[From A Mind Intent on God by Douglas Dales]

1. The prophetic spirit was not at all times present to the minds of the prophets: aware that they did not always possess it, they acutely sensed it within themselves when they did have it. Thus was it that when the prophet Elijah wished the divine the future, and sensing the absence of the Spirit of prophecy from within him, it came upon him only as he sang praises with the psalms and so filled his spirit with insight into the future (2 Kings 3.15). For the voice of psalmody, when aroused by the pure intention of the heart, becomes the means whereby the heart is again prepared by Almighty God, and filled with either an intent mind, or prophetic mysteries, or the grace of compunction. Thus it is written: “Whoever offers the sacrifice of praise honours me, and prepares thereby a way that I may show him the salvation of God” (Ps 50.23).

2. By this sacrifice of praise comes the revealing of the way to Jesus: for when through psalmody compunction is poured into the heart, the way is open within us by which we may come to Him. For it is indeed fitting that as the mind grows strong in its awareness of all things, it should cleanse itself, and join itself to divine praises and spiritual realities, so that the things of heaven may be revealed to it. Nothing else in this mortal life can enable us to draw near to the presence of God than to abide in His praise. Nothing therefore, neither word nor intellect, can explain to us the power of the Psalms, except in so far as we avoid their superficial expression as we sing the praise of Almighty God with an intent mind.

3. In the Psalms, may be found, if approached with an intent mind and a spiritual understanding, the Incarnation of the Lord the Word, His Passion, Resurrection and Ascension. With an intent mind you may also discover a secret prayer that you could in no way devise for yourself. In the Psalms you will find an intimate way of confessing your sins, and a sincere mode of prayer for the divine mercy of the Lord. You may also perceive through them the hidden work of divine grace in everything that happens to you. In the Psalms you may confess your weakness and wretchedness, and thereby draw to yourself the mercy of God: for you will find all manner of virtues in the Psalms, if you merit from God the revelation of their secrets.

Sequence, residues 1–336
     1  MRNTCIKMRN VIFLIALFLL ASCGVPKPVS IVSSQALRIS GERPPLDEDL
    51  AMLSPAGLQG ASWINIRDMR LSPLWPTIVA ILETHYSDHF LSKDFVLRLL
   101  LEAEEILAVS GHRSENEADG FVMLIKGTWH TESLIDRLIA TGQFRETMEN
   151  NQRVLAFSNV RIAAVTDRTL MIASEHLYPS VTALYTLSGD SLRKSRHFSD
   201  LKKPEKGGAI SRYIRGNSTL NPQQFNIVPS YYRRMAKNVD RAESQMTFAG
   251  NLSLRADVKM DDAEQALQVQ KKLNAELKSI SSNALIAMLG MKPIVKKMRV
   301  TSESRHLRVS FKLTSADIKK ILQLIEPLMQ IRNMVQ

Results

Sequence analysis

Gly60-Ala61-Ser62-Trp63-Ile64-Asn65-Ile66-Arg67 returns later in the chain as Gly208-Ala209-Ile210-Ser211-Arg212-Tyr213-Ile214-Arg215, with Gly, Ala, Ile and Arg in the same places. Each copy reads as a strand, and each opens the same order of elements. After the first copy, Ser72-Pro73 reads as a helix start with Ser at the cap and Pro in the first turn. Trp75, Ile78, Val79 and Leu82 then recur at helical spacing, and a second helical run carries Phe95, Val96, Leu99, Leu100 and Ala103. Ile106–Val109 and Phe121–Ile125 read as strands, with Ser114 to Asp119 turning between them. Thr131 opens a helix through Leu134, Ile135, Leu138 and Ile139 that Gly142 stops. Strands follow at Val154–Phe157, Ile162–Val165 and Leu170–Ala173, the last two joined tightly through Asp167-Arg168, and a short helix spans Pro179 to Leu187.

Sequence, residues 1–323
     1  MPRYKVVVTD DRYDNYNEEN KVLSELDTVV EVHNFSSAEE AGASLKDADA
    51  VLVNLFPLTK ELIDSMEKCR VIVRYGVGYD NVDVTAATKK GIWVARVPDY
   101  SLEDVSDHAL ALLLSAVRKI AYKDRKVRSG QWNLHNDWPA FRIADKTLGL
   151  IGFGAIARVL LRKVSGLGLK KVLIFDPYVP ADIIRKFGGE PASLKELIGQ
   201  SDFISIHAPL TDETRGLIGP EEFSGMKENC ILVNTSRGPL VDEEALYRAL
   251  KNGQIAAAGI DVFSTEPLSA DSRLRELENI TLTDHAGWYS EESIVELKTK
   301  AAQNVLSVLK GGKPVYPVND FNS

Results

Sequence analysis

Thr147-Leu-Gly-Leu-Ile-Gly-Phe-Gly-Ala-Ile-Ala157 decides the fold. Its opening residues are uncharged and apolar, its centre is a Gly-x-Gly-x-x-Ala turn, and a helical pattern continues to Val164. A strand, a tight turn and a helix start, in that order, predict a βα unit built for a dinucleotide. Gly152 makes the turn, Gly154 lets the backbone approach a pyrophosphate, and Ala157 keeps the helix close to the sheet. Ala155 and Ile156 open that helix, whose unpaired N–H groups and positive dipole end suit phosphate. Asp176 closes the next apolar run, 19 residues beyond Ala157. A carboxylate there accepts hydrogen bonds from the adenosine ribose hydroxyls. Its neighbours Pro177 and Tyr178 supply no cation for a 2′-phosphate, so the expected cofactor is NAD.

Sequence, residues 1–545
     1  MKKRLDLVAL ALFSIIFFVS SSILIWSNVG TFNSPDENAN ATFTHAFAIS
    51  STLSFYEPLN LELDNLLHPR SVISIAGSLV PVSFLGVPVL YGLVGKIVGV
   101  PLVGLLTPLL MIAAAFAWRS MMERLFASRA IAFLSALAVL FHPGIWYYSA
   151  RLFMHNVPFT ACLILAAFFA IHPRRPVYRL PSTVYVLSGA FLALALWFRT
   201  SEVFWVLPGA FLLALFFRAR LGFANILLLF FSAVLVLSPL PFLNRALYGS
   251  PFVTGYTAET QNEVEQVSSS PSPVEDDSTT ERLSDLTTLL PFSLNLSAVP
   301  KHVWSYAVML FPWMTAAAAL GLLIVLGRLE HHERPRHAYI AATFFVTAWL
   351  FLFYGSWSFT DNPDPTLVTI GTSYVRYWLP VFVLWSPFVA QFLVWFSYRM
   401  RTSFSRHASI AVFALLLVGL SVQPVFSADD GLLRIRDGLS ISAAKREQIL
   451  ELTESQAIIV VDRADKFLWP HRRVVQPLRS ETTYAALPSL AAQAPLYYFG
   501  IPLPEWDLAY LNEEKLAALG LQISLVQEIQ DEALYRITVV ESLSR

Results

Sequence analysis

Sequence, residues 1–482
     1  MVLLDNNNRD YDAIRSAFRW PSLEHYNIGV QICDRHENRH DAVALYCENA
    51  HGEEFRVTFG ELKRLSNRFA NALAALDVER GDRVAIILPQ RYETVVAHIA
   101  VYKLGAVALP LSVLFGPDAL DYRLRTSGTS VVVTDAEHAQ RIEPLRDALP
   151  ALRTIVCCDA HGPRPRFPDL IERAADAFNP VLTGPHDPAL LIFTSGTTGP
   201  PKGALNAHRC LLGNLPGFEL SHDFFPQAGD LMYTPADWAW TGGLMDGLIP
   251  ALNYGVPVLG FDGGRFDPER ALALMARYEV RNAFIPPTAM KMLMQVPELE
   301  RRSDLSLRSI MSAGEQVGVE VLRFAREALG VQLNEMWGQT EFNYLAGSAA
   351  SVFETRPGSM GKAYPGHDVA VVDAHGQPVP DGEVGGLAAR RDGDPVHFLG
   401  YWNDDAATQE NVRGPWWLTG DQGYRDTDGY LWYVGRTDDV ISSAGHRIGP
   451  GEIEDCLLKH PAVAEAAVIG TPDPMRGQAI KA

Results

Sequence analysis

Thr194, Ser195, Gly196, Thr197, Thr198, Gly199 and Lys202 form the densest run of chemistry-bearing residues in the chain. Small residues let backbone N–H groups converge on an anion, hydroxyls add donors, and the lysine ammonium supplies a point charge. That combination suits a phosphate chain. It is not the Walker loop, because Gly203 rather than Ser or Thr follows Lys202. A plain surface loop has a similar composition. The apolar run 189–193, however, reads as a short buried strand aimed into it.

4. If you wish to praise Almighty God and His majesty, and all His kindness towards the human race since the beginning of the world: consider His manifestation in the Old Testament towards the patriarchs and prophets, and in the New Testament in the Incarnation of His eternal Son. For all of this we should be moved to give thanks; we should sing those Psalms that begin with the word “Alleluia!” You will by so doing offer a sweet tribute of praise to Almighty God, sweeter than any honey or honeycomb, if you continually praise and magnify Him with these Psalms.

5. If you wish to exercise your innermost heart in divine praises and precepts, the commandments of heaven, sing Psalm 119. You may contemplate and scrutinize the virtue of this Psalm until your dying day, but you will never, I think, be able to perfectly understand its meaning. Every verse in it speaks either concerning the way to God, or of His Law, with its divine commandments and precepts; or it speaks words of judgment, justification or admonition. All this is accomplished within you without you diffusing your soul through the reading of many books.

6. In the Psalms you have enough material until the end of your life for reading, reflection and teaching. In them you will find the spiritual meaning to some extent set forth and described of both the prophets, evangelists and apostles, and of all the divine books of Scripture. You may find within them prophecies concerning the first and second comings of the Lord. You may find also in the Psalms all the force of divine utterance concerning the Incarnation and the Passion, the Resurrection and the Ascension of the Lord Himself. If you examine them carefully in your innermost mind, then by the grace of God you may arrive in your heart at an intimate understanding of them. 

7. He Who is the Truth has promised us, and in this He cannot deceive us: “Knock and it will be opened to you” (Mt 7.7). Let us therefore knock on the door of the Psalms: for He is both the door and the doorkeeper. Let us therefore pay careful heed to how we sing the Psalms, and we shall see how they can achieve more in prayer than human words can ever express. They contain the sweetest love for the divine law; they arm the soul with courage in spiritual warfare, and are also a formidable stronghold in times of tribulation. They expel the fear and sadness of this passing age, and gladden our minds with spiritual joy and happiness.